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States' Party Allegiances Shifty


As they watch what Congress does, the presidential candidates are also watching the electoral map. Win the right number of states with the right number of electoral votes, and you get to the White House. NPR national political correspondent Mara Liasson is going to help us draw what the electoral map looks like right now. Good morning, Mara.

MARA LIASSON: Good morning, Steve.

INSKEEP: Okay. So, in 2000, Florida was the decisive state; in 2004, it was Ohio. What about 2008?

LIASSON: Well, Ohio and Florida are still going to be important, but there's going to be a lot more going on. Just look what McCain and Obama are doing this week. Obama was just in Wisconsin, and over the next four days he's going to be doing events in Ohio, Pennsylvania and Michigan. And it's not just geography; the candidates are also looking to raid each other's demographic territory.

Obama is reaching out to seniors in Ohio today at an event. And tomorrow, John McCain will be holding a virtual town hall meeting with independents and former supporters of Hillary Clinton - meaning women.

INSKEEP: And I guess this gets back to this map because it's been very close in the last couple of elections. If you can grab a couple of the other guy's base states, you're in great shape. What are a couple of states where Democrats think they might be able to make a difference this year?

LIASSON: Well, take a look at the first two state Barack Obama visited after he clinched the nomination: Virginia, which hasn't voted for a Democratic president in, I think, more than 40 years, and North Carolina. Now, Virginia has been turning purple. It has a Democratic governor, it has a new Democratic senator, but it is extraordinary to think of North Carolina as a swing state, and maybe in the end it won't be one.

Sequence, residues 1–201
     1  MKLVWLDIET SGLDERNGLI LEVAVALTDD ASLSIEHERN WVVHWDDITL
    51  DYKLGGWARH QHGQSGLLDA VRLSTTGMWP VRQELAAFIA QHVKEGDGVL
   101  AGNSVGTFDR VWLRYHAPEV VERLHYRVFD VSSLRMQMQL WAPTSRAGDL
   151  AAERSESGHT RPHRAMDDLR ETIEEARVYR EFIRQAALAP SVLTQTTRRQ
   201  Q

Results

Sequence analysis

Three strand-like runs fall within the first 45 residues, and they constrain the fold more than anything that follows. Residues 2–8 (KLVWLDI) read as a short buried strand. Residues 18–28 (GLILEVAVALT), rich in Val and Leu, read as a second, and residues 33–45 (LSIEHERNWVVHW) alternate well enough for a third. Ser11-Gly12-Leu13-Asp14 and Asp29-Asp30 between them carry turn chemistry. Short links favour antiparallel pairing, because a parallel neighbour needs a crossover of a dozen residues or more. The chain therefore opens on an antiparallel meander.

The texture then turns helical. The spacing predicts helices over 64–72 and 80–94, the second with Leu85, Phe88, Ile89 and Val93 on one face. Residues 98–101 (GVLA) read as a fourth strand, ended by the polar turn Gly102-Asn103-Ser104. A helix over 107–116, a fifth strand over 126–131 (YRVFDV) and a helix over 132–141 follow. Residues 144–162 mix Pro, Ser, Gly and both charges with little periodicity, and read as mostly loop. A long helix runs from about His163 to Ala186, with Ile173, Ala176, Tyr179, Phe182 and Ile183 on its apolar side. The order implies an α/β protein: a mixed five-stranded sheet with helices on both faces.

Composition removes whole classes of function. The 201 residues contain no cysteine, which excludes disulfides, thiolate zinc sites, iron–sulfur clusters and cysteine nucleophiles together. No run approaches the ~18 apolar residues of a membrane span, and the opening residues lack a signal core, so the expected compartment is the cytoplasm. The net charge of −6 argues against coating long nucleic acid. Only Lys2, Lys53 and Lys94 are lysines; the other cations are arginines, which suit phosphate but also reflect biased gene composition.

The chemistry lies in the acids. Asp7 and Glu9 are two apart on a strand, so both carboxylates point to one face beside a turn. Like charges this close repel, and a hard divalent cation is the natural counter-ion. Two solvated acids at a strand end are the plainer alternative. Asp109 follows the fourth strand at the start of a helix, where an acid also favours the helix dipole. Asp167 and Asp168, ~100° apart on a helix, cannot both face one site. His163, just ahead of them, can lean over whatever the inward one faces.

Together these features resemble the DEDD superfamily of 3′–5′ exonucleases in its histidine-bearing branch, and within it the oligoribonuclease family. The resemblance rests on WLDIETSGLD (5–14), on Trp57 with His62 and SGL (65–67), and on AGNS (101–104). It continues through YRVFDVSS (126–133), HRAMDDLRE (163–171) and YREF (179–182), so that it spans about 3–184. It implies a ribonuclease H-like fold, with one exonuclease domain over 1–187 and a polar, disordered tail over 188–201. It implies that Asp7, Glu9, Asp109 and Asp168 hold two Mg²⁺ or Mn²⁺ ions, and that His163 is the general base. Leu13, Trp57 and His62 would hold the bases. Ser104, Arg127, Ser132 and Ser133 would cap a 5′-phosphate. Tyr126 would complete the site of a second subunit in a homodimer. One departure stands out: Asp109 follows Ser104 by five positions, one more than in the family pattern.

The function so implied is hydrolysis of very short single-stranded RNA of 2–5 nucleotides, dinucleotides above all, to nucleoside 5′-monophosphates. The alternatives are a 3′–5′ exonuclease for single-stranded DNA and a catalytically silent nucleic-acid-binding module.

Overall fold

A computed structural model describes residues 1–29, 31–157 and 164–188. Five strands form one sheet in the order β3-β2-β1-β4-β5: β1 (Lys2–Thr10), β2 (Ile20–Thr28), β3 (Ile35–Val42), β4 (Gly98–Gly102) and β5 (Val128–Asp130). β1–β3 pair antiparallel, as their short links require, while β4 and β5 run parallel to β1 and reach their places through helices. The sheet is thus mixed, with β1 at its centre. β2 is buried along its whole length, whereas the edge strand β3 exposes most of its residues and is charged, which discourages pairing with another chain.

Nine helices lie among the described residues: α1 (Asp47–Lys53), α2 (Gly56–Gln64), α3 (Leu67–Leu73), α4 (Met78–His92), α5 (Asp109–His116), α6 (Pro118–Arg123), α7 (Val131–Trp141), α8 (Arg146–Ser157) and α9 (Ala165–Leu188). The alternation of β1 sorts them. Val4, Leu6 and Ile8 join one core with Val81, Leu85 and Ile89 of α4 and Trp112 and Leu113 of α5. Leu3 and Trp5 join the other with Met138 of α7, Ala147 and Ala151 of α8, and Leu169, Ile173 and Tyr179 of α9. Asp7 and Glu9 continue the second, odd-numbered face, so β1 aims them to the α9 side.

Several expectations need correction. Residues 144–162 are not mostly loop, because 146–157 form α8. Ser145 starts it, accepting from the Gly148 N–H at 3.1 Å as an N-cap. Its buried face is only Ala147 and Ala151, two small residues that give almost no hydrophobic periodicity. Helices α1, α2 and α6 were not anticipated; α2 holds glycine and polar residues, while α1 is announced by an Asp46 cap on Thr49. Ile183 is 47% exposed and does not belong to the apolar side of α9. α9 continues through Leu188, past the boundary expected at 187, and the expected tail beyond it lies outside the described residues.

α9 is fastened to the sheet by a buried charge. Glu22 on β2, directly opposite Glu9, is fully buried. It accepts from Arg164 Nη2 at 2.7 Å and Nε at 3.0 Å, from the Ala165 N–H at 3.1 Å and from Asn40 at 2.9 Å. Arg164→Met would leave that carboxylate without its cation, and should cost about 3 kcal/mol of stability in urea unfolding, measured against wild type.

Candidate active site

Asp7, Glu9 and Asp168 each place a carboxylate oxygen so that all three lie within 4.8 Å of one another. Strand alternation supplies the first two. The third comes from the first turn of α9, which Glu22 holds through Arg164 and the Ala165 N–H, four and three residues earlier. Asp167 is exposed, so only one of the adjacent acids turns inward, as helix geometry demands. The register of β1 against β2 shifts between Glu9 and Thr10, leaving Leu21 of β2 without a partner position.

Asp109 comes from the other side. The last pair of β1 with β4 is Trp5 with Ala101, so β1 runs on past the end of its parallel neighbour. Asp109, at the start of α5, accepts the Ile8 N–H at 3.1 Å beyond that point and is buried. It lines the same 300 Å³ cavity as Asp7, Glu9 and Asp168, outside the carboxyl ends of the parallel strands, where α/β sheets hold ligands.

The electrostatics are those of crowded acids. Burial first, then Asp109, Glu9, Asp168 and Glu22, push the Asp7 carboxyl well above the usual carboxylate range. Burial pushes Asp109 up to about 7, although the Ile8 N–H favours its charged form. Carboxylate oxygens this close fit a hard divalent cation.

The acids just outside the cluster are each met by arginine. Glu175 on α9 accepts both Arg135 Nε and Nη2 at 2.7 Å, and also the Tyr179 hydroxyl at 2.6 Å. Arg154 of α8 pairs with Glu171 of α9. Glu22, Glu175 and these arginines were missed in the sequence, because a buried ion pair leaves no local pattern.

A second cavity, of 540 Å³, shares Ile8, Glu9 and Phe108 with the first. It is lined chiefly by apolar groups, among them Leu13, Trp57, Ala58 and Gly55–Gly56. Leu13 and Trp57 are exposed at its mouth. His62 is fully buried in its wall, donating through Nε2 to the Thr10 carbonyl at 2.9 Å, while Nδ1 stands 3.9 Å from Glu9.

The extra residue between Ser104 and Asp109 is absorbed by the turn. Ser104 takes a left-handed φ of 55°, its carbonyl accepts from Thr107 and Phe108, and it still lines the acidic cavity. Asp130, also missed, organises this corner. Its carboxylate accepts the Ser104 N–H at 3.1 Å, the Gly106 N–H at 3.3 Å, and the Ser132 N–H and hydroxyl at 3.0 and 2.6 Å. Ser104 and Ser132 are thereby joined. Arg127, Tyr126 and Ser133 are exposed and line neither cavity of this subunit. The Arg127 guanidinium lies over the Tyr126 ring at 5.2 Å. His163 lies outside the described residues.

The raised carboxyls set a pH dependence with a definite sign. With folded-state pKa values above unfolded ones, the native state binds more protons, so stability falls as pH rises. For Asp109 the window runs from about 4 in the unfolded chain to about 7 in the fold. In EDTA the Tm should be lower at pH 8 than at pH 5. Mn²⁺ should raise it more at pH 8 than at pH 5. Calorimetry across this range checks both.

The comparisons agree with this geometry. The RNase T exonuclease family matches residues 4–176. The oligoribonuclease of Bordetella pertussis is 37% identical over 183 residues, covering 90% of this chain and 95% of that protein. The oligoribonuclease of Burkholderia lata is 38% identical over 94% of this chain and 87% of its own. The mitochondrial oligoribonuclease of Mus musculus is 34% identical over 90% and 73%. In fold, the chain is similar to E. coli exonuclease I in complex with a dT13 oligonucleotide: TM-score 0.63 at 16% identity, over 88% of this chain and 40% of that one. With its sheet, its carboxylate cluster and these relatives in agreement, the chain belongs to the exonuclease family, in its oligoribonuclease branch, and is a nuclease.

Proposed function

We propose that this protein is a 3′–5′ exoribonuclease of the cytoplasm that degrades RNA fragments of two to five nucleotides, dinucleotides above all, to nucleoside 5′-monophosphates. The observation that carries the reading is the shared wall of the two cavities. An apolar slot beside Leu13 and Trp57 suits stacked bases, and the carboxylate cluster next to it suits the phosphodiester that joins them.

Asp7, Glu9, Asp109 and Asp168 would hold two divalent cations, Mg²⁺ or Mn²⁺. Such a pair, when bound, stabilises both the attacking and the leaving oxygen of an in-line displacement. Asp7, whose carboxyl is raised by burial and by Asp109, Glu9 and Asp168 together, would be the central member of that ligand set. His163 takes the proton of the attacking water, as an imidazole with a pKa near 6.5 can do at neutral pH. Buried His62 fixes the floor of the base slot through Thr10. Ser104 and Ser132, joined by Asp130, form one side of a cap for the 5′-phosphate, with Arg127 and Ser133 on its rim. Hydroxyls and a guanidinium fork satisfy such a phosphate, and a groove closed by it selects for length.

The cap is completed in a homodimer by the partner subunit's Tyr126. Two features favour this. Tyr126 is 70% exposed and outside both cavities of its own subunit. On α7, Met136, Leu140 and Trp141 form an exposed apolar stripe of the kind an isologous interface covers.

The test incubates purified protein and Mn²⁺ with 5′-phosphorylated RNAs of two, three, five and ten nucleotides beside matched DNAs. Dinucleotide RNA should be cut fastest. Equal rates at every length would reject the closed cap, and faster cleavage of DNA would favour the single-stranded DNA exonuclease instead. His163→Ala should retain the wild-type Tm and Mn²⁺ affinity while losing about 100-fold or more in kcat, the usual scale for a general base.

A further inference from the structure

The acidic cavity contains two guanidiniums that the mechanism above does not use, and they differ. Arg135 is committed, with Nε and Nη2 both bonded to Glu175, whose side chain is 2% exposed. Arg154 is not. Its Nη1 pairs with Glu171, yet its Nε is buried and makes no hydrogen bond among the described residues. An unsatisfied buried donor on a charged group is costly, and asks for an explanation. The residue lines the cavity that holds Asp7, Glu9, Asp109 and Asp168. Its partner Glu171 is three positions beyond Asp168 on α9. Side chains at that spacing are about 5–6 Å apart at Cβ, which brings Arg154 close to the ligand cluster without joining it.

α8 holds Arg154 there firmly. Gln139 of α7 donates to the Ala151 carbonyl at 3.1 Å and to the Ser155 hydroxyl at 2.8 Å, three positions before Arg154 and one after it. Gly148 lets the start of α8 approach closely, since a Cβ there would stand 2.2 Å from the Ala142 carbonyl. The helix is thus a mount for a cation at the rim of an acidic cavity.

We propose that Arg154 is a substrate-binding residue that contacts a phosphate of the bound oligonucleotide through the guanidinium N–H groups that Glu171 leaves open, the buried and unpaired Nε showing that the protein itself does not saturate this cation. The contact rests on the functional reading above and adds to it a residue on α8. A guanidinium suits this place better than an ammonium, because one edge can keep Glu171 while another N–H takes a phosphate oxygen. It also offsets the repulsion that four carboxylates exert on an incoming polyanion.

But the point is that Obama has the money to speculate in states like North Carolina. His campaign says he'll have staff in all 50 states, some of that symbolic, but even if he can't win a state, he can help make it competitive for Democrats down-ballot.

Take Georgia. The Obama campaign figures there are 600,000 unregistered, eligible, African-American voters there, and they're going to be trying to register them. The Democrats are also looking at the Mountain West, three states in particular: Nevada, Colorado, New Mexico. It's no accident that the Democrats decided to hold their convention in Denver this summer. And Obama is focusing on Iowa, where he put down deep organizational roots and where he had his first big victory.

INSKEEP: Does Obama have to win, when you do the math, have to win a few of those states in order to be assured of winning the presidency, Mara?

LIASSON: Probably, probably yes.

INSKEEP: And then what about John McCain? Are there places that he really can be competitive where some other Republican in past years wouldn't be?

LIASSON: Yes, first of all New Hampshire, a state that's been turning blue but where McCain spent so much time this winter he could probably qualify as a resident. He's also eyeing Michigan, Pennsylvania, Ohio, Wisconsin, Minnesota, all those upper Midwest states, big industrial states, where McCain would like to take advantage of Obama's weaknesses with white, working-class voters.